Mizoribine (MZR) is a selective inhibitor of the inosine monophosphate dehydrogenase – a key enzyme in the de novo pathway of guanine nucleotides – that was developed in Japan. Clinically, MZR has been successfully used without any serious adverse effects
for the long-term treatment of young patients with lupus nephritis.[1-3] Besides its immunosuppressive effects, MZR has recently been reported to suppress the progression of histologic chronicity in selected patients with lupus nephritis and immunoglobulin A (IgA) nephropathy.[1-4] Moreover, some experimental reports described that MZR attenuates tubulointerstitial fibrosis in NVP-LDE225 purchase rat models of unilateral ureteral obstruction, non-insulin-dependent diabetes and peritoneal fibrosis via suppression of macrophage infiltration of the interstitium.[5-7] Also, we recently confirmed a significant suppression of intraglomerular macrophage infiltration accompanied with significant suppression of the chronicity indices following MZR treatment in a patient with proliferative lupus nephritis. These laboratory
and clinical observations suggest another beneficial mechanism of action of MZR from the histologic standpoint in the treatment of lupus nephritis. Since most of the oral dose of MZR is excreted unchanged in urine, the learn more drug is thought to expose directly to residual renal cells. Thus, it is important to examine the direct effects of MZR against inflamed residual renal cells. Glomerular mesangial cells (MCs) have been reported to produce a wide variety of proinflammatory molecules that play an important role in immune and inflammatory reactions in the kidney, and MCs itself are thought to play a pivotal role in the pathogenesis of renal diseases.
Interestingly, it has been reported that the implication of ‘psuedoviral’ immunity as a novel disease concept of lupus U0126 concentration nephritis, that is, the detection of self-nucleic acid particles resembling viral particles by toll-like receptors (TLRs) results in the activations of the downstream signalling cascades and subsequent type I interferons (IFNs) production. In this context, we have examined the TLR3 signalling cascades treated with polyinosinic-polycytidylic acid (poly IC), a synthetic analogue of viral dsRNA, that makes ‘pseudoviral’ infection in cultured human MCs, and found that the activation of mesangial TLR3 upregulated the expression of functional molecules including monocyte/macrophage chemoattractants: CC chemokine ligand (CCL) 2 (or monocyte chemoattractant protein-1 [MCP-1]), CCL5 (or regulated on activation, normal T-cell expression and secretion [RANTES]), CXC ligand 10 (CXCL10) (or IFN-γ-induced protein 10 [IP-10]), fractalkine (or CX3CL1), and neutrophil chemoattractant: interleukin (IL)-8 (or CXCL8), in cultured human MCs.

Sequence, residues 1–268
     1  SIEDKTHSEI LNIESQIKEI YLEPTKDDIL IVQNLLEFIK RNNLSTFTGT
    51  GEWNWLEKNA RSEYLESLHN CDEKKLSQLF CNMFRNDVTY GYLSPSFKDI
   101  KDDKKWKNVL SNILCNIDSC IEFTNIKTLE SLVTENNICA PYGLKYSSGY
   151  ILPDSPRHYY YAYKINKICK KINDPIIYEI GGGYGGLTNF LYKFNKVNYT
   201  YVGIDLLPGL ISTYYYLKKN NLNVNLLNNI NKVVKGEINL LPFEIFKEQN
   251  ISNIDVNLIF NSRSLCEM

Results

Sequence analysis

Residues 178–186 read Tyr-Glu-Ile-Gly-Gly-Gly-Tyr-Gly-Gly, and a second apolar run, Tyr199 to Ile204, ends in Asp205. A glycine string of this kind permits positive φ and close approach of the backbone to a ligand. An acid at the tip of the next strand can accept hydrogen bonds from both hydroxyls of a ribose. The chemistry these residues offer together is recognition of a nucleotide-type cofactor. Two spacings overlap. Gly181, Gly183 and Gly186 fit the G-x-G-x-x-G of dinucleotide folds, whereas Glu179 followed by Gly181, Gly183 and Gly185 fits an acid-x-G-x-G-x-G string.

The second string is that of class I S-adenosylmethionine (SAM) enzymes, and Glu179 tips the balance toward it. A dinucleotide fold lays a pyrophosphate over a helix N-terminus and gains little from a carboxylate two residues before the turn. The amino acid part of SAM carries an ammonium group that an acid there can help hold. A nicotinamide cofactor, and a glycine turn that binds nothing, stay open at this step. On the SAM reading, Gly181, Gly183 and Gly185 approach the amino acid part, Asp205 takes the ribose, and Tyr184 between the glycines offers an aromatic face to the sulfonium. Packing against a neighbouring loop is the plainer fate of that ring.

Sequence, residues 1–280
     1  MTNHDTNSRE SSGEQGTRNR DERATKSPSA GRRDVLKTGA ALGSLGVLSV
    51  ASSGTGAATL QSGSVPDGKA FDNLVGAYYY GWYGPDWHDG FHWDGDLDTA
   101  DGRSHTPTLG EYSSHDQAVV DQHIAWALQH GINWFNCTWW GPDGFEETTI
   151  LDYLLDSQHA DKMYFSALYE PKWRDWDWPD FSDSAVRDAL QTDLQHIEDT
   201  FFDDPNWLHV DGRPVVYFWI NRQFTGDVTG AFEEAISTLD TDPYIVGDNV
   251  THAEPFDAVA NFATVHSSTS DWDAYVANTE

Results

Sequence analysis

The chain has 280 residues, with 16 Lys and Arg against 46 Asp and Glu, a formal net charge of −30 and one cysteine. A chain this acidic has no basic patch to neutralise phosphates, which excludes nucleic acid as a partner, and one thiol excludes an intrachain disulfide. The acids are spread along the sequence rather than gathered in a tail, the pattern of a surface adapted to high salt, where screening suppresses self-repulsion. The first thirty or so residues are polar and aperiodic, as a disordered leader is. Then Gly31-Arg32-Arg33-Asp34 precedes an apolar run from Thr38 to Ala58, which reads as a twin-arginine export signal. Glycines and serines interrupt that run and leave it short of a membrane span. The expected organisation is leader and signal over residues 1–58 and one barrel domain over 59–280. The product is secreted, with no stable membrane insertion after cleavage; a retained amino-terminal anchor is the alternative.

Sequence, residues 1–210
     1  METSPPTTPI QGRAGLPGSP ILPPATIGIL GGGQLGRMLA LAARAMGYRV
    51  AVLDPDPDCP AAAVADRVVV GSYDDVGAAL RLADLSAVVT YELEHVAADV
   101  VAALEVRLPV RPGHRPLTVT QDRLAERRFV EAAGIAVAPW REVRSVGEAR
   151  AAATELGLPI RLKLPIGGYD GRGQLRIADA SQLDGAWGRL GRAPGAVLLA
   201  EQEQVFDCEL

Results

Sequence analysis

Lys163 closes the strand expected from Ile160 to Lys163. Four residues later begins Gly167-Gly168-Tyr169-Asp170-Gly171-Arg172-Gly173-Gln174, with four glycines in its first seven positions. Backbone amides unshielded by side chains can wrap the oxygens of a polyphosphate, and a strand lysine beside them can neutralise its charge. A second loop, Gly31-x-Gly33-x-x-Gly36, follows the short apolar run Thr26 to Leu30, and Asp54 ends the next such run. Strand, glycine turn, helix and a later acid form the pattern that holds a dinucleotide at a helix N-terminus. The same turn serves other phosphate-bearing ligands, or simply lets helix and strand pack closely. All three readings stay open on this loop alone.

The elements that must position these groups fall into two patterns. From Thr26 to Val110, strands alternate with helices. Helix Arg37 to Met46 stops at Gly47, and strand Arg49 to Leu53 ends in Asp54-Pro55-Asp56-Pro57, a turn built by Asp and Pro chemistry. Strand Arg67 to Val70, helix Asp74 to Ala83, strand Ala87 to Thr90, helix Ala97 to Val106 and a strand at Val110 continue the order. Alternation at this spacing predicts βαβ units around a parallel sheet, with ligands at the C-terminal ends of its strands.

We found that morphological features of fibrosis in this disease are largely depending on the anatomical location wherein the lesion developed. Interstitial fibrosis located at intracapsule in 1, subcapsule in 3, cortex in 3, perivasculature in 5, perinerve in 2 cases and medulla in no case. The components of extra cellular matrices in the fibrosis are followings. In perivascular and perineural lesions, collagen type I (67%), III (100%) and VI (100%) were the major components,
while collagen type IV (27%) and V (0%) were scant. In subcapsular and cortical lesions, collagen type III (83%), IV (32%) and VI (50%) were the major components, although collagen type I (14%) and V (0%) were less dominant. Three cases revealed storiform fibrosis and all distributed only in the cortex. Storiform fibrosis was negative for collagen type Selleckchem Target Selective Inhibitor Library I. Fibronectin accumulated between collagen Trichostatin A fibers and increased as stage advanced. In conclusions, renal pathology in IgG4-related kidney disease reveals several distinct morphology, useful to discriminate TIN from other causes. Interstitial fibrosis mainly distributes along perivasculature, whereas storiform fibrosis is formed only in the cortex. The main components of interstitial fibers may be dependent on the locations